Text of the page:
Might this depend on the NPC (a guard, a vendor, flight master, quest giver) and the circumstances?

Now I’m going to take this opportunity to dig up some shadow priest lore for you folks.  Wouldn’t you know, I’m a closet lore junkie.  Anyone know what Dranosh means?

The classes page on the official Blizzard website has this to say:

Priests are the masters of healing and preservation, restoring their wounded allies, shielding them in battle, and even resurrecting their fallen comrades. While they have a variety of protective and enhancement spells to bolster their allies, priests can also wreak terrible vengeance on their enemies, using the powers of shadow or holy light to destroy them. They are a diverse and powerful class, highly desirable in any group, capable of fulfilling multiple roles.

This really doesn’t go far enough into the nature of the class.  Beyond this, priests are the lorekeepers and arbiters of Warcraft.  In the traditions of the trolls, Witch Doctors are often priests–cultural icons worthy of fear and respect.  Sen’jin, friend of Thrall and leader of the Darkspear tribe, was a priest of much power.  All priests worship an aspect or deity relevant to their particular race.  As such, folks seek priests for guidance through tough times, and for rulings on matters of morality and higher power.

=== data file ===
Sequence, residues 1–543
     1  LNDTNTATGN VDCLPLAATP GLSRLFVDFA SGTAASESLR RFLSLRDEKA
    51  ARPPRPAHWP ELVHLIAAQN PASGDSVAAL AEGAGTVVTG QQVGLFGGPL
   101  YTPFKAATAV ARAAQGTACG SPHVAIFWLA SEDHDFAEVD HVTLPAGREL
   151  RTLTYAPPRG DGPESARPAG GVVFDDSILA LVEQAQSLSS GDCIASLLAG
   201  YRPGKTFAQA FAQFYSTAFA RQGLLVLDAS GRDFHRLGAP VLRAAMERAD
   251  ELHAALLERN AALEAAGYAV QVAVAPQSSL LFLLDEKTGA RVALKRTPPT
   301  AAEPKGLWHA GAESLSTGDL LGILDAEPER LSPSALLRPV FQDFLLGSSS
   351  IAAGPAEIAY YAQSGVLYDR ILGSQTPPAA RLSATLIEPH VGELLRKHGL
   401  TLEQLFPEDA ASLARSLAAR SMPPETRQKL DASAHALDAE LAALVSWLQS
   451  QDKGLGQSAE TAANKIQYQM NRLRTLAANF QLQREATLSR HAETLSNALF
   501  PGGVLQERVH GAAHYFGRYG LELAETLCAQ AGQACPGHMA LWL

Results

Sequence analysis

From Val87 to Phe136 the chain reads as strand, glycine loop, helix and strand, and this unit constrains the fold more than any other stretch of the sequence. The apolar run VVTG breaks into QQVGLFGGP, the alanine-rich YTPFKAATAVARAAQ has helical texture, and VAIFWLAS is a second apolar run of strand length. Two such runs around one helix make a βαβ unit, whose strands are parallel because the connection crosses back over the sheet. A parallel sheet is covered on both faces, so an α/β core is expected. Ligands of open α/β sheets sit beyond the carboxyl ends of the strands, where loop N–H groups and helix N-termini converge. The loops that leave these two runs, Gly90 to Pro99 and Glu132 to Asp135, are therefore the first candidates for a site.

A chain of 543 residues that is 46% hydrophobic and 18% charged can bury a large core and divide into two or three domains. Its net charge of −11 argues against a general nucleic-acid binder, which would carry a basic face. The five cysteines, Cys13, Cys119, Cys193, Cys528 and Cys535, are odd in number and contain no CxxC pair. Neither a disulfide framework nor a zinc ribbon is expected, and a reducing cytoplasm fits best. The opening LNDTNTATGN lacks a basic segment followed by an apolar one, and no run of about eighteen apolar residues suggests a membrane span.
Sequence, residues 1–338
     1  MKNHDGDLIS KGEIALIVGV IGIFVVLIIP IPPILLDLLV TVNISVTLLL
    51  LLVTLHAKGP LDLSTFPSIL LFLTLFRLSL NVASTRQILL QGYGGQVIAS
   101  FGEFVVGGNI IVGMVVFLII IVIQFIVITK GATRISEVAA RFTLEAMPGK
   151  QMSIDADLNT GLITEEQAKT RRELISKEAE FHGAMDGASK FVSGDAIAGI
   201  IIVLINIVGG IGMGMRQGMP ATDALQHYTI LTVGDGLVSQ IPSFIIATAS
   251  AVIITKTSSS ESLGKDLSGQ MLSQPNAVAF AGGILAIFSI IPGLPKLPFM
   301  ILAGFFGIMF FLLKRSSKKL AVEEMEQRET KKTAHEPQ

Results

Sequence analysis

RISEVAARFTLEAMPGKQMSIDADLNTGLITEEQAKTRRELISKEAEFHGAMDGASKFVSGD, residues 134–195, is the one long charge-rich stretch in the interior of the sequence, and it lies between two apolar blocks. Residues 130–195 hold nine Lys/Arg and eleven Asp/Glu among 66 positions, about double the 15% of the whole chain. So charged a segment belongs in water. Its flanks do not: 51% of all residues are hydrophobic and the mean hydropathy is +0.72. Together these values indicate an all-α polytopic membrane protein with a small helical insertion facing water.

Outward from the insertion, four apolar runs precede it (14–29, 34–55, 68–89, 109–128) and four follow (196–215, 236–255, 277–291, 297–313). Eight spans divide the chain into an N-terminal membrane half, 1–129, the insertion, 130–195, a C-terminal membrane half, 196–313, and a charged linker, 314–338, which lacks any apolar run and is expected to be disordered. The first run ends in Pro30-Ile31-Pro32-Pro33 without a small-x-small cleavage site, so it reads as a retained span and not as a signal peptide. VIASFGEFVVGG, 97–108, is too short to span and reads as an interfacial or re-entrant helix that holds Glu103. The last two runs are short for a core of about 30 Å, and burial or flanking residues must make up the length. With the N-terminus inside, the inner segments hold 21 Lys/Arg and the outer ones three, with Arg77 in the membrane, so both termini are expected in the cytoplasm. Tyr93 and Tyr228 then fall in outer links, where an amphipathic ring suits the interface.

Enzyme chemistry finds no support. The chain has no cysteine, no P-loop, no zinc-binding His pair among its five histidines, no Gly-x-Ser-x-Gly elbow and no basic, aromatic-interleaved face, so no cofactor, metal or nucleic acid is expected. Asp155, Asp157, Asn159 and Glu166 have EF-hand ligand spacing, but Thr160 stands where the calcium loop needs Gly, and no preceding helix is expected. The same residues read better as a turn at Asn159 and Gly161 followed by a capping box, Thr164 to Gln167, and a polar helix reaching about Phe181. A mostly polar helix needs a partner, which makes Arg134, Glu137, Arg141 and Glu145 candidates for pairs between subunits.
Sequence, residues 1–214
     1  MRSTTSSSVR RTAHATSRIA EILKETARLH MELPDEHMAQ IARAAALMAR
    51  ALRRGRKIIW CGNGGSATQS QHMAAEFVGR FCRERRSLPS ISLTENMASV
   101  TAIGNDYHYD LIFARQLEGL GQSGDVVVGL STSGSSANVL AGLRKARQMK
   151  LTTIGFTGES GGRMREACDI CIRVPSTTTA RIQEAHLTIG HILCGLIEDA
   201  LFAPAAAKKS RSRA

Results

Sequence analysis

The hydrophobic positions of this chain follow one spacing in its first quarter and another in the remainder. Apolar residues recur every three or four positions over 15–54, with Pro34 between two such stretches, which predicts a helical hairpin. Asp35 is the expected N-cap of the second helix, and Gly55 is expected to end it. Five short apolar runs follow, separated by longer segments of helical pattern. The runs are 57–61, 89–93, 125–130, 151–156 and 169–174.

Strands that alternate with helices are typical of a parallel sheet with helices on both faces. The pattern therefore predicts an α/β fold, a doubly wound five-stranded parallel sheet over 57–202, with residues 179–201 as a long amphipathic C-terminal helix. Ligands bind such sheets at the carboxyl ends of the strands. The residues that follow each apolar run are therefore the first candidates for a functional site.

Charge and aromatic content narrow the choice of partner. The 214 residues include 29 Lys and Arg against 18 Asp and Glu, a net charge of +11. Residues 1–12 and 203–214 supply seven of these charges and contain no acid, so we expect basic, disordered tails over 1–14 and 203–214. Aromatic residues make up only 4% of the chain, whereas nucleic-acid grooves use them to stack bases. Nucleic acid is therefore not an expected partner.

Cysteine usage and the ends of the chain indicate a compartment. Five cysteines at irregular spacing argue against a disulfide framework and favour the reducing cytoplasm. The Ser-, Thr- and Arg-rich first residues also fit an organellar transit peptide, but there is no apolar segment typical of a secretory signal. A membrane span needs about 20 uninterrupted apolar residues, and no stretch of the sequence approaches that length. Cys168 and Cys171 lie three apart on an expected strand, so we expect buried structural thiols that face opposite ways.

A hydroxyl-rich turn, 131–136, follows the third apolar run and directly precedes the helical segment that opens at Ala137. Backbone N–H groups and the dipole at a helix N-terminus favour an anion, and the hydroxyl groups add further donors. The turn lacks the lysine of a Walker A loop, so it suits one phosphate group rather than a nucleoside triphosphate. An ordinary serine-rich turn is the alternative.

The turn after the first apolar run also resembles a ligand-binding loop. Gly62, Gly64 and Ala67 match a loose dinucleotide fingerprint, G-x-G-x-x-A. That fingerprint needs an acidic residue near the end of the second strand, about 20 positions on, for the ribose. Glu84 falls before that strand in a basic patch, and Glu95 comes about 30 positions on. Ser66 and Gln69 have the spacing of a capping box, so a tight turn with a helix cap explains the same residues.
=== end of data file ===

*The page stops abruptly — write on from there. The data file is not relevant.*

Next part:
Where then does the tradition of the shadow fall into this paradigm?  While troll shadow hunters like Vol’jin seem to have many shadow priest-like powers, the true progenitors of the shadow are the Forsaken and their Cult of the Forgotten Shadow.  The faith recognizes the power of faith and discipline, and seeks power by swaying such beliefs.